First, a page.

# Thread: maximal ideal in ring of quotients of R with respect to S

1. ## maximal ideal in ring of quotients of R with respect to S

Let $P$be a prime ideal, $R$be a commutative ring with identity, $S=R-P$. Then $S$will be a multiplicative subset of $R$, that is, $1\in S,a,b\in S\Rightarrow ab\in S$
Define $S^{-1}R$ as the set $R\times S$.
define $(a,s)=(a_1,s_1)\Leftrightarrow\exists s_0\in S,s_0(as_1-a_1s)=0$
we may write $(a,s)$ as $\frac{a}{s}$
$\frac{a}{b}+\frac{c}{d}=\frac{ad+bc}{bd}$
define the times operation
$\frac{a}{b}\frac{c}{d}=\frac{ac}{bd}$
Then we can prove that $S^{-1}R$ is a commutative ring of identity.
Prove that $S^{-1}R$has a unique maximal ideal..
Thank you

2. Originally Posted by ynj
Let $P$be a prime ideal, $R$be a commutative ring with identity, $S=R-P$. Then $S$will be a multiplicative subset of $R$
Prove that $S^{-1}R$has a unique maximal ideal..
140.112.21.20/latex/algebra/hungerford/remember/ch3.pdf ....................
see the definition of $S^{-1}R$....
Thank you
let $M=S^{-1}P=\{\frac{x}{s}: \ x \in P, \ s \in S \}.$ see that $M$ is a proper ideal of $S^{-1}R.$ to show that $M$ is the unique maximal ideal of $S^{-1}R,$ you only need to show that if $z \notin M,$ then $z$ is invertible:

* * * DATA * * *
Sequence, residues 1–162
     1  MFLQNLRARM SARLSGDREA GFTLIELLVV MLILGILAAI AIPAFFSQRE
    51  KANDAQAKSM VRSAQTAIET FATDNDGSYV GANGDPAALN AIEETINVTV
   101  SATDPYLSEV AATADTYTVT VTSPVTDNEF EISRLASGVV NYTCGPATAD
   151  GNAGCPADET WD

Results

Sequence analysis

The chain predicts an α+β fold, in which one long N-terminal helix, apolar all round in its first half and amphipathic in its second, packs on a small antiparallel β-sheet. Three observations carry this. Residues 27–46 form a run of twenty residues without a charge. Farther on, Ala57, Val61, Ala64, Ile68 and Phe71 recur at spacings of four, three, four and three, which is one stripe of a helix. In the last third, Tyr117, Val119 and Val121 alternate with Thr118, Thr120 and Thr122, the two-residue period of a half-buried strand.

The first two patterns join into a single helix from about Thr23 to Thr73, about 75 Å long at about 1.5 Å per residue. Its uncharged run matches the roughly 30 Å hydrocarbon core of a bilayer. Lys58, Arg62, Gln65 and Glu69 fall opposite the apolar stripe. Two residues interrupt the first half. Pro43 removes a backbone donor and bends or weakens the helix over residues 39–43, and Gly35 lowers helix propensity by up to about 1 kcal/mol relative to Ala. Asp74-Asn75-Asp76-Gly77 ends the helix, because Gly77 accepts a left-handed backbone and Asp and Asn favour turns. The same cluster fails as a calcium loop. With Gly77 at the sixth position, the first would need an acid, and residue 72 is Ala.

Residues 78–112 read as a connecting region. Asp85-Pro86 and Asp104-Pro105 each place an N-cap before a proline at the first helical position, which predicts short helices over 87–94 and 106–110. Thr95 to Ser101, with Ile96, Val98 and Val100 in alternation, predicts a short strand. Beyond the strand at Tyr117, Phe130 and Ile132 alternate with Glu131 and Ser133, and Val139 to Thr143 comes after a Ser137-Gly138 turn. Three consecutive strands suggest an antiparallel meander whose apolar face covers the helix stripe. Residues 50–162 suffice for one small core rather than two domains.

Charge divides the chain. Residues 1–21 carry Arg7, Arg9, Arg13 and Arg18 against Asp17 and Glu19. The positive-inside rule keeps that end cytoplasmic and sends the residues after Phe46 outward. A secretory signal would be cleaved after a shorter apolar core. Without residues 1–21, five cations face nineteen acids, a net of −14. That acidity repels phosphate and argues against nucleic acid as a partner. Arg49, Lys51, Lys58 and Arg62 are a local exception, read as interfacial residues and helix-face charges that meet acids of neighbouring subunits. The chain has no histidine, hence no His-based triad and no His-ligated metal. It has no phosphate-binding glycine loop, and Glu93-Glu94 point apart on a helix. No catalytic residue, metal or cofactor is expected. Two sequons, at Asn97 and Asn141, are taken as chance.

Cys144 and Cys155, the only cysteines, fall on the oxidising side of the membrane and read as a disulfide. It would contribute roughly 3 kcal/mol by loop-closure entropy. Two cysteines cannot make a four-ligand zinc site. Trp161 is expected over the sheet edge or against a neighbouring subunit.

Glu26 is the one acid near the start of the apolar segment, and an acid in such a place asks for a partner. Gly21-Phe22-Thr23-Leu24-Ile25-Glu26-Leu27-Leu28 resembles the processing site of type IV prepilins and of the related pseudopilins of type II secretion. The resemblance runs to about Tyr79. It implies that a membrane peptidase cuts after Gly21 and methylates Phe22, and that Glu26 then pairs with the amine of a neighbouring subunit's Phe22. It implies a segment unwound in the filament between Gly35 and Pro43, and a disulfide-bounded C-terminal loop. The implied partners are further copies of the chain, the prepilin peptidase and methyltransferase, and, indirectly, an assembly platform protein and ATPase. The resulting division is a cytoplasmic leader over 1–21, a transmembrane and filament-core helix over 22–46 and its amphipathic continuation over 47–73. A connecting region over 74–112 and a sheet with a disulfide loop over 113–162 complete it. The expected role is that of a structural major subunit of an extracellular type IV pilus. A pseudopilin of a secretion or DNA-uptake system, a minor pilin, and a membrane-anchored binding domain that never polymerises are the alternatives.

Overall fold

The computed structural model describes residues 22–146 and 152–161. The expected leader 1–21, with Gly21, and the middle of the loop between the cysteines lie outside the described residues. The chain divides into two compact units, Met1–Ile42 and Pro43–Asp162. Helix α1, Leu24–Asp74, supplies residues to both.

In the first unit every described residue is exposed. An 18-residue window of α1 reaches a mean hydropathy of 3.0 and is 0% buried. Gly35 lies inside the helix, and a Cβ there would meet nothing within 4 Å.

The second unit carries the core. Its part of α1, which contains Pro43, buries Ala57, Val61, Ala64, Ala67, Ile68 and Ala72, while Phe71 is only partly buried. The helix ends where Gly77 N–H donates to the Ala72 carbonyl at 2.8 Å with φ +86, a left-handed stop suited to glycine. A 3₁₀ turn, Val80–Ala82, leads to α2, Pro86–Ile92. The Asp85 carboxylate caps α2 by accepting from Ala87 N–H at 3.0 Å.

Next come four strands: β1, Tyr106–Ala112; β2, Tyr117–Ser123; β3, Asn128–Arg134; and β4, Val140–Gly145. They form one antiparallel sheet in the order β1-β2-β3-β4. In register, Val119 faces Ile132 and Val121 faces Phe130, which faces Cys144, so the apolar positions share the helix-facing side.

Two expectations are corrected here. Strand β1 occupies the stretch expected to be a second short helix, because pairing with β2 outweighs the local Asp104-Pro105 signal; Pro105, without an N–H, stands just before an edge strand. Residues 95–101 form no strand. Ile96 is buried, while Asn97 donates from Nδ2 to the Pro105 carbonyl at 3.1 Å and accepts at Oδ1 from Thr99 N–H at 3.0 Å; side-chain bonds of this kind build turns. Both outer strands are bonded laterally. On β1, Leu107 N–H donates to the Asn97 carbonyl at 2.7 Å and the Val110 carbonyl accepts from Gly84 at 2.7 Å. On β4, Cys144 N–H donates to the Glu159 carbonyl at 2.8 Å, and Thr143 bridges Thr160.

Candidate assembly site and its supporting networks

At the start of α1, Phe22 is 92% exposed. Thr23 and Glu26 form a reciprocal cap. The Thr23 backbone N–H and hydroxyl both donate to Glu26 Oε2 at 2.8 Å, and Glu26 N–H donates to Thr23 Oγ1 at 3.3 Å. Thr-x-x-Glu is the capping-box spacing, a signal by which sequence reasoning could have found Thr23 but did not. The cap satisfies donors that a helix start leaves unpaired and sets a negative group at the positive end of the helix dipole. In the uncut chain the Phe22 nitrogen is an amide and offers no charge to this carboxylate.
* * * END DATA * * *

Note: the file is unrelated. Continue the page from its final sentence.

let $z=\frac{y}{t},$ where $y \in R, \ t \in S.$ since $z \notin M,$ we have $y \notin P$ and so $y \in S.$ therefore $w=\frac{t}{y} \in S^{-1}R$ and obviously $zw=1.$ Q.E.D.

3. Originally Posted by NonCommAlg
you only need to show that if $z \notin M,$ then $z$ is invertible:
classic!
I have thought of the same $M$..but i do it in another way and it seems that it is impossible...
a theorem says $M$ is a maximal field in $R$iff $R/M$is a field.
but i cannot find the "1" in the $R/M$
if $\frac{a}{b}+M$is the "1", then $(\frac{a}{b}+M)(\frac{c}{d}+M)=\frac{ac}{bd}+M=\fr ac{c}{d}+M$
it requires that $\frac{ac}{bd}-\frac{c}{d}\in M$
$\frac{ac}{bd}-\frac{c}{d}=\frac{cd(a-b)}{bdd}$
so it requires $cd(a-b)$ is alway in $P$, right?
so $a-b\in P$,but $b\in S$, that implies $a\in S$........So I am confused..
Is there any mistake??
Thank you

4. well, like all other quotient rings, the identity element of the quotient ring $\frac{S^{-1}R}{M}$ is $1 + M,$ where $1=\frac{1}{1}$ is the identity element of $S^{-1}R.$

5. Originally Posted by NonCommAlg
well, like all other quotient rings, the identity element of the quotient ring $\frac{S^{-1}R}{M}$ is $1 + M,$ where $1=\frac{1}{1}$ is the identity element of $S^{-1}R.$
oooooooooooo...........it is a concept mistake.....................Sorry..
Thanks!